These colourful blocks, designed by SPORTS collaborative, are a refreshing new art installation

Designed by SPORTS architecture, morning, recreation, sky, tourist attraction, urban area, water, yellow, white
Designed by SPORTS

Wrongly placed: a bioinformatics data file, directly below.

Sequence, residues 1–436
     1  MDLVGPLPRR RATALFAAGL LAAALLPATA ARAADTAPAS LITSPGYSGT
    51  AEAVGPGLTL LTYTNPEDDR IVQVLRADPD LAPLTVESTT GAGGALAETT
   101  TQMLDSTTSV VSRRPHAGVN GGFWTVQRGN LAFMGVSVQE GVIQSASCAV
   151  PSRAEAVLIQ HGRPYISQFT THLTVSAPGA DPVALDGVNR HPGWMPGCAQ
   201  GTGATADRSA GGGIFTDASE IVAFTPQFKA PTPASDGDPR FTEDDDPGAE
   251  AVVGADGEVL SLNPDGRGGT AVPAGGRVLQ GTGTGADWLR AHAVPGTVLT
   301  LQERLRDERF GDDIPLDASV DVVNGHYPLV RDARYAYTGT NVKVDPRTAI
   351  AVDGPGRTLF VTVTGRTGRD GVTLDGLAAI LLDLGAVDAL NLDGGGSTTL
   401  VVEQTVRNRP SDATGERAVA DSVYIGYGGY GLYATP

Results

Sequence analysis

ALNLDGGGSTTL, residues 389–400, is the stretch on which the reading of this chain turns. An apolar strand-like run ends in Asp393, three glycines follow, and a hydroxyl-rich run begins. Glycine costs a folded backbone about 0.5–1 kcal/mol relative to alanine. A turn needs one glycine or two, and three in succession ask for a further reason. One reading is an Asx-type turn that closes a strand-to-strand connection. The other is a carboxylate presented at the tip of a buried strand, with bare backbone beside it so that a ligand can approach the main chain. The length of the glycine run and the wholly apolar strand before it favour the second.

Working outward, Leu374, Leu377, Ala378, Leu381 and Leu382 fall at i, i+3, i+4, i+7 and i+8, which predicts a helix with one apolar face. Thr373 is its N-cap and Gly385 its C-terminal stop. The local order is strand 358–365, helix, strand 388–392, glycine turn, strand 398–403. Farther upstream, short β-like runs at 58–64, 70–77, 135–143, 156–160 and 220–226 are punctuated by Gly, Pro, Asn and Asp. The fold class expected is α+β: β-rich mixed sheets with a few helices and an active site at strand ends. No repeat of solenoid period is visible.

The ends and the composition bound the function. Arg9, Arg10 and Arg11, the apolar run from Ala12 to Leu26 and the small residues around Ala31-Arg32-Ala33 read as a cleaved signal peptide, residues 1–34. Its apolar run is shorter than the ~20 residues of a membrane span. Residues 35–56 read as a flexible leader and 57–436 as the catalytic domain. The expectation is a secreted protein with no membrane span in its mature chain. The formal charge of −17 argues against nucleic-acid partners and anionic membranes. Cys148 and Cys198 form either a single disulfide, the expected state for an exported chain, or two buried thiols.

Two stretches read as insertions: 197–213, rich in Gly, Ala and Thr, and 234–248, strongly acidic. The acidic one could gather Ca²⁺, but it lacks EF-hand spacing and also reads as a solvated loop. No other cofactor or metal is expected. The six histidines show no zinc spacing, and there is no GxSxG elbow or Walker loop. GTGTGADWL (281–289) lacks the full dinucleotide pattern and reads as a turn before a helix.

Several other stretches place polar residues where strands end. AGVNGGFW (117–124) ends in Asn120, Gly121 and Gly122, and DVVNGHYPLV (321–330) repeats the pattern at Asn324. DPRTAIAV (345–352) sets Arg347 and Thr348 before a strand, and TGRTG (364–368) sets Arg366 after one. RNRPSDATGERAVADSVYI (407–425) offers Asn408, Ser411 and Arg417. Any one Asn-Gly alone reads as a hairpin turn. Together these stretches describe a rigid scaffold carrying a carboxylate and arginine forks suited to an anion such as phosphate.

Designed by SPORTS From SPORTS: Runaway is the winner of the Museum of Contemporary Art Santa Barbara Take Part / Make Art Pavilion Competition. In order to emphasise the MCA Santa Barbara’s goal for the pavilion to act as a ‘vibrant beacon’ to the diverse communities of Santa Barbara, our project emphasises a vibrantly saturated visual environment that aims to architecturalise the aesthetic quality of air in Santa Barbara. The aesthetic qualities of the air in Santa Barbara is often very powerful and visible - a beautiful blur caused by heat (heat shimmer or mirage) and beach fog (June gloom). Runaway privileges this visual and atmospheric effect and in so doing, acts as a beautiful spectacle and object of urban decor for the communities of Santa Barbara. The three objects of Runaway are simple self-similar geometries and have a number of different possible orientations. In some orientations the matrix object acts as a dappled-shade structure, while in other orientations, the matrix can act as a wall, a loungescape, a bench, or a performance stage. The project will be moved to 6 different sites in at least 3 different neighborhoods during its life-span in Santa Barbara. The composition and display of the collection is intended to be different at each site, allowing for a variety of programs to be supported by the pavilion, while also establishing a renewed existence at each new site. As a whole, the project is envisioned as a collection of urban décor objects that decorate the landscape of Santa Barbara while at the same time dissolving into its air. As the objects move from site to site, their display will be different, their program will be different, the visual experience of the blurry material overlap will be different – bringing a unique identity to the different neighborhoods. While the fully “interior” space of the pavilion is limited – prioritising instead an open spatial composition - the tall matrix structures cast shadows at most times of the day that provide a patterned (dappled) partial-shade in the spaces between the structures. In this way, the project provides a variety of shading conditions that allow for greater engagement and expanded use. Once finished with a series of brightly-coloured paints (cyan, magenta, yellow), the thousands of linear elements within each of the objects emphasises a thick and saturated haze.

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